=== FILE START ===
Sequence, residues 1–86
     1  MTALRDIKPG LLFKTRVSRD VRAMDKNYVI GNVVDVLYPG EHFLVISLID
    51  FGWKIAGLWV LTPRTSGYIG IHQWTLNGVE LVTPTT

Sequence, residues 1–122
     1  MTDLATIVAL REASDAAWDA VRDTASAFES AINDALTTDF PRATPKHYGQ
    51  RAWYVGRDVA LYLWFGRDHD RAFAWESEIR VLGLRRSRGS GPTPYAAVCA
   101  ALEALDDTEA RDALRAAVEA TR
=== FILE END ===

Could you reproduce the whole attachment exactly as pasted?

Sequence, residues 1–86
     1  MTALRDIKPG LLFKTRVSRD VRAMDKNYVI GNVVDVLYPG EHFLVISLID
    51  FGWKIAGLWV LTPRTSGYIG IHQWTLNGVE LVTPTT

Sequence, residues 1–122
     1  MTDLATIVAL REASDAAWDA VRDTASAFES AINDALTTDF PRATPKHYGQ
    51  RAWYVGRDVA LYLWFGRDHD RAFAWESEIR VLGLRRSRGS GPTPYAAVCA
   101  ALEALDDTEA RDALRAAVEA TR